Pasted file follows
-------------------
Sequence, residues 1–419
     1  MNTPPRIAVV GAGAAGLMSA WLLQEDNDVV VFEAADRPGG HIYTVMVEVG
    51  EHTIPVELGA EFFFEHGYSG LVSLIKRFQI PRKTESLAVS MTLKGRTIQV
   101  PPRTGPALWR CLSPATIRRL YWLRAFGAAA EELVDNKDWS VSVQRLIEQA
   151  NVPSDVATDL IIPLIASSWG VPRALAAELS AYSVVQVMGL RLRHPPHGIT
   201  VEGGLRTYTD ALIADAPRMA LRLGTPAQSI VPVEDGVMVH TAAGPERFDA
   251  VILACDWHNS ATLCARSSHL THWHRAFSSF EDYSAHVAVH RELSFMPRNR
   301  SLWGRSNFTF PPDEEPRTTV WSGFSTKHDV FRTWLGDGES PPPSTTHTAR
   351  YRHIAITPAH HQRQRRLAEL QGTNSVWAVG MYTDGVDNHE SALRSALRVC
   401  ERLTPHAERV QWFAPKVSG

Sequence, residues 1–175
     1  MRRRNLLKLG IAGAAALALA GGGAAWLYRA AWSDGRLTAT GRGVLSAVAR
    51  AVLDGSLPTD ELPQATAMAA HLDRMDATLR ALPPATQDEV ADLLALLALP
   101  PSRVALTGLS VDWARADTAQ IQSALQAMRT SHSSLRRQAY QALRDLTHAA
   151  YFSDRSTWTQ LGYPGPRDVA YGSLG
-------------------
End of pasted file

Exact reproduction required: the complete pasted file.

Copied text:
Sequence, residues 1–419
     1  MNTPPRIAVV GAGAAGLMSA WLLQEDNDVV VFEAADRPGG HIYTVMVEVG
    51  EHTIPVELGA EFFFEHGYSG LVSLIKRFQI PRKTESLAVS MTLKGRTIQV
   101  PPRTGPALWR CLSPATIRRL YWLRAFGAAA EELVDNKDWS VSVQRLIEQA
   151  NVPSDVATDL IIPLIASSWG VPRALAAELS AYSVVQVMGL RLRHPPHGIT
   201  VEGGLRTYTD ALIADAPRMA LRLGTPAQSI VPVEDGVMVH TAAGPERFDA
   251  VILACDWHNS ATLCARSSHL THWHRAFSSF EDYSAHVAVH RELSFMPRNR
   301  SLWGRSNFTF PPDEEPRTTV WSGFSTKHDV FRTWLGDGES PPPSTTHTAR
   351  YRHIAITPAH HQRQRRLAEL QGTNSVWAVG MYTDGVDNHE SALRSALRVC
   401  ERLTPHAERV QWFAPKVSG

Sequence, residues 1–175
     1  MRRRNLLKLG IAGAAALALA GGGAAWLYRA AWSDGRLTAT GRGVLSAVAR
    51  AVLDGSLPTD ELPQATAMAA HLDRMDATLR ALPPATQDEV ADLLALLALP
   101  PSRVALTGLS VDWARADTAQ IQSALQAMRT SHSSLRRQAY QALRDLTHAA
   151  YFSDRSTWTQ LGYPGPRDVA YGSLG